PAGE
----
Shakespeare 's Differing Opinions Of Preservation

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Sonnet 17 and Sonnet 55: Shakespeare’s Differing Opinion of Preservation

Two constant themes throughout this collection of sonnets is death and preservation. Shakespeare battles with the idea of how to preserve not only the beauty of his subject, but also his work without losing value and merit. Sonnet 17 and Sonnet 55 share the common idea that preservation is necessary and important, but each take different approaches to this preservation. From Sonnet 17 to Sonnet 55, Shakespeare grows confident in his craft and begins to develop a different ideology when it comes to preservation. In this paper, I will compare and contrast Sonnet 17 and Sonnet 55 and thoroughly examine Shakespeare’s changing preservation ideology.
Sonnet 17 focuses
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The speaker in Sonnet 17 doesn’t only focus on the importance of the child for the subject, but also the stake they hold in the child. As stated the poet is fearful. He is worried about preserving his craft and his personal legacy. At this moment he doesn’t understand his true worth as a writer and the power his words hold. He doesn’t understand that they legacy of his subject can live in his words. But he learns in Sonnet 55.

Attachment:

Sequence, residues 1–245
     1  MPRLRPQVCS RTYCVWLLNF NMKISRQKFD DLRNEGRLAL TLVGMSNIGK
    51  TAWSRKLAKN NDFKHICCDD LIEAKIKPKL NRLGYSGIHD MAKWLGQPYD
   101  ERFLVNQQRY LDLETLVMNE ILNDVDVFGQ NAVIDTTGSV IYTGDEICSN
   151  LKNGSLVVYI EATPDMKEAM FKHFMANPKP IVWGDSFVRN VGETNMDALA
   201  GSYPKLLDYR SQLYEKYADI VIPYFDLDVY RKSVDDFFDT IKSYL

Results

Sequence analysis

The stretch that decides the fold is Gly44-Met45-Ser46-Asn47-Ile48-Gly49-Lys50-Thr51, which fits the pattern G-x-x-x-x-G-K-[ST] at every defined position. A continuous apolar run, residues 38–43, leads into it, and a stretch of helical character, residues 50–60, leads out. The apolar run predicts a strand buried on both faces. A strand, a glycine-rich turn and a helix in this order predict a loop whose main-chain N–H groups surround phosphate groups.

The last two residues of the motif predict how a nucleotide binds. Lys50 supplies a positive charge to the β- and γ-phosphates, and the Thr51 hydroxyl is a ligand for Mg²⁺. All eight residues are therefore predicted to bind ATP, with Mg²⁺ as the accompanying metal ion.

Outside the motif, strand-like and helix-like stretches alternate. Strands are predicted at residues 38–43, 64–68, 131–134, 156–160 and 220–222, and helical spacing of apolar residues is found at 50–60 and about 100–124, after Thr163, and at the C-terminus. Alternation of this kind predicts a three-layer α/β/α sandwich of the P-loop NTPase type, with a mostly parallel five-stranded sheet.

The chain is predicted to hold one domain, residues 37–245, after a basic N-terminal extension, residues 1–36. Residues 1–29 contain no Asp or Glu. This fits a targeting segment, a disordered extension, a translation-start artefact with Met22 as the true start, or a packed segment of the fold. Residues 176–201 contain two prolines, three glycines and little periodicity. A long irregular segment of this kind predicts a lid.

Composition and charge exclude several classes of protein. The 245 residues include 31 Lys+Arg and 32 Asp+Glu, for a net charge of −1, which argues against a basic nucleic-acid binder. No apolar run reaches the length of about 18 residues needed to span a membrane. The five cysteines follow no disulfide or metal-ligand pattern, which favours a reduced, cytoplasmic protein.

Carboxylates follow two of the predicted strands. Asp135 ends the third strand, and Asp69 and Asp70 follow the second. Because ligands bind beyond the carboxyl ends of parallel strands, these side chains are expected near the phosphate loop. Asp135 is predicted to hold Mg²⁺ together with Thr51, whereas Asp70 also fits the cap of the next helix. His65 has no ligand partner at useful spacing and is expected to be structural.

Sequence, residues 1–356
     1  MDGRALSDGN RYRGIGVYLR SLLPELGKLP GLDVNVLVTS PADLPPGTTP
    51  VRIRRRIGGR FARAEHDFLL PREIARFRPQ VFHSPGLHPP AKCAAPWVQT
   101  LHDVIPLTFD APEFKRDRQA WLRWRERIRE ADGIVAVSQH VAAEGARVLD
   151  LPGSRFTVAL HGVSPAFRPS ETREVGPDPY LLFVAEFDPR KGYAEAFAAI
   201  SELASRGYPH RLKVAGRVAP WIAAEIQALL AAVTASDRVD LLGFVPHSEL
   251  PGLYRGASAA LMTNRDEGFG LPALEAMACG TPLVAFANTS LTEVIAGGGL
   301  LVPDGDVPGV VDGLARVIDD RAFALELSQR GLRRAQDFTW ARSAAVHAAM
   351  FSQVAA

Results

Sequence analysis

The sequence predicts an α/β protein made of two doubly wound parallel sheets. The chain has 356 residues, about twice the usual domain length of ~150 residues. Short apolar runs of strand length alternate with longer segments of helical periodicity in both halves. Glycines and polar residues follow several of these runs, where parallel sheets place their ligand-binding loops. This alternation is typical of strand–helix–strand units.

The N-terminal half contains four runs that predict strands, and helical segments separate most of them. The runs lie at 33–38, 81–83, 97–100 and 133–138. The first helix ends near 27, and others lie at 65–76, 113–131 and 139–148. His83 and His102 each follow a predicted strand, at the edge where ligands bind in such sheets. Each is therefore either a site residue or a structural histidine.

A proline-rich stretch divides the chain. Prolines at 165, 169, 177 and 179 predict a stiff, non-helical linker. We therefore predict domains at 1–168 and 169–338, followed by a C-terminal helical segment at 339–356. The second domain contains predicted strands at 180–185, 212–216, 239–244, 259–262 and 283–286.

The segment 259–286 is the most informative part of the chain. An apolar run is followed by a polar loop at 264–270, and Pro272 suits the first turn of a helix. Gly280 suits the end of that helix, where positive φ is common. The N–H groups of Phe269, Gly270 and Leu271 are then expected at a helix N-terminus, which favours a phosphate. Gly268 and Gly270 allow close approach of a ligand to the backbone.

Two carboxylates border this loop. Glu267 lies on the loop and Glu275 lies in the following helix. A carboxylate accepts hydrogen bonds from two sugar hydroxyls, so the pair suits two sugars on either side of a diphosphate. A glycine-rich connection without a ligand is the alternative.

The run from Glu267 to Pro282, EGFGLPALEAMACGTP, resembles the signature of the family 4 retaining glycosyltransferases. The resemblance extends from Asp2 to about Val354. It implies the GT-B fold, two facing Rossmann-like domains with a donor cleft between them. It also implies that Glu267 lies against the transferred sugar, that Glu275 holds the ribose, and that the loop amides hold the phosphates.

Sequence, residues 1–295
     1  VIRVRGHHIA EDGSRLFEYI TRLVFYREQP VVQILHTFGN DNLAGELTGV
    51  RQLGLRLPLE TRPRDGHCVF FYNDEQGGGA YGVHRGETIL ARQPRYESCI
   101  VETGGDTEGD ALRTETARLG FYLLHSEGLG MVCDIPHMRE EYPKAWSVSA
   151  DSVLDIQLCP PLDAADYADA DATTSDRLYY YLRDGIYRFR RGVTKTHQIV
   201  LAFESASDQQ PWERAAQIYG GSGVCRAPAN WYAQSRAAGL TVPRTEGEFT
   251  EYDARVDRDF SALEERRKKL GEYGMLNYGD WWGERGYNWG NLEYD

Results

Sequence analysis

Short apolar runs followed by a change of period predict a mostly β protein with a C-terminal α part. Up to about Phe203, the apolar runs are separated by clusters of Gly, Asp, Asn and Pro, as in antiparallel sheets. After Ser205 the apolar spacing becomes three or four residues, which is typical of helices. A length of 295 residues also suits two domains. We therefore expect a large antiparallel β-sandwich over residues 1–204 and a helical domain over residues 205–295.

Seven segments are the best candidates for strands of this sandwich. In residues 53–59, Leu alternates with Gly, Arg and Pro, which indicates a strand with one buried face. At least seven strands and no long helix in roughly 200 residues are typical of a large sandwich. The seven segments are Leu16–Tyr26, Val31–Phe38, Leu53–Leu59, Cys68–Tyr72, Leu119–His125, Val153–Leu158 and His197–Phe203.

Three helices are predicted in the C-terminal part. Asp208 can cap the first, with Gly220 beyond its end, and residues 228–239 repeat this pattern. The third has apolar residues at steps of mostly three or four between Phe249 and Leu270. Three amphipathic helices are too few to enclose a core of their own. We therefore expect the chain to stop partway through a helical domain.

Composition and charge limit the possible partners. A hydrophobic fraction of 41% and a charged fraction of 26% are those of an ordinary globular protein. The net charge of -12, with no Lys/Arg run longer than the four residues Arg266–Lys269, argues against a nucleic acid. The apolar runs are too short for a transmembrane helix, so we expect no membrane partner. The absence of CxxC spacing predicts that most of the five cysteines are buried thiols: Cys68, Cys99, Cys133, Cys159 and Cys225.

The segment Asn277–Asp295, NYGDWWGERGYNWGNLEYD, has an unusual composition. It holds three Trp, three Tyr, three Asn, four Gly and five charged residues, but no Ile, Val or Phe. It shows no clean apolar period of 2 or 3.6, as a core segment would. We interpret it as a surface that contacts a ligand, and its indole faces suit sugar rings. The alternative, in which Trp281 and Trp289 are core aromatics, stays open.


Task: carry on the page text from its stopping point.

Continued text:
In Sonnet 55, Shakespeare’s confidence as a writer begins to blossom. This is proven in the first two lines of the poem where he says, “Not marble nor the gilded monuments/Of princes shall outlive this powerful rhyme”. One can’t get more cocky than that. Shakespeare sets the tone. He lets his confidence shine through and makes sure that nothing is hidden when it comes to his ability and the power his words hold. He begins to understand that the legacy of the subject can be preserved in a poem, if captured correctly. He goes on to iterate that his words can stand the test of time because words can’t be destroyed saying, “than unswept stone besmeared with sluttish time/When waste war shall statues overturn” (line 4,5). The speaker is saying that the the tangible things can be destroyed and in some ways the subject should feel flattered that he [Shakespeare] decided to preserve his legacy in such an indestructible way. He has an understand that nothing lasts forever, even humans.
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